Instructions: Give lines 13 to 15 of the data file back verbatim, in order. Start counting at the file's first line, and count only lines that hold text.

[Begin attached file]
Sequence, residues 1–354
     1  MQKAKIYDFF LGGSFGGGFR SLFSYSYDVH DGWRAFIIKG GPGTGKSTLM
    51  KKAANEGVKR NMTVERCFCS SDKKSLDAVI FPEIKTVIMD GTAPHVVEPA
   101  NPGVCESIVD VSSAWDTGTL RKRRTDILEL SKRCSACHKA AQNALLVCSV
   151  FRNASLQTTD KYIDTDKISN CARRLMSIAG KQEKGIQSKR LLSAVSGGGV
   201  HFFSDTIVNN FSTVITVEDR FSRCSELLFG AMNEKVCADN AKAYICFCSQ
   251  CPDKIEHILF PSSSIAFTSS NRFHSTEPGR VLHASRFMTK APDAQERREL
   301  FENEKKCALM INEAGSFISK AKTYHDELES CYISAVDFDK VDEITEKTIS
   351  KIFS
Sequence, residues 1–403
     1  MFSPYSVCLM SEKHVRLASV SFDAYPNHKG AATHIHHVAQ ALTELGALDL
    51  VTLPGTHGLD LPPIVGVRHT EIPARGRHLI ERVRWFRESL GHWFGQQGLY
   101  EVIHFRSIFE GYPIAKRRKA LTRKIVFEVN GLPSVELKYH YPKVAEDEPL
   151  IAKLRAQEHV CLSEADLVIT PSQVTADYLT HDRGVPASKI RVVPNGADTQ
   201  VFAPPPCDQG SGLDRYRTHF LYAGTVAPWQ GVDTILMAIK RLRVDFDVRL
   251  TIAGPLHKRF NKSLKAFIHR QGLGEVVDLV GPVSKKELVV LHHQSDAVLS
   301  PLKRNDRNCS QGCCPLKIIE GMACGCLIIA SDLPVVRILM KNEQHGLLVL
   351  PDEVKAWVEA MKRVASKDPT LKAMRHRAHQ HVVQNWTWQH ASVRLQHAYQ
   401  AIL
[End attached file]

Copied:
   101  EVIHFRSIFE GYPIAKRRKA LTRKIVFEVN GLPSVELKYH YPKVAEDEPL
   151  IAKLRAQEHV CLSEADLVIT PSQVTADYLT HDRGVPASKI RVVPNGADTQ
   201  VFAPPPCDQG SGLDRYRTHF LYAGTVAPWQ GVDTILMAIK RLRVDFDVRL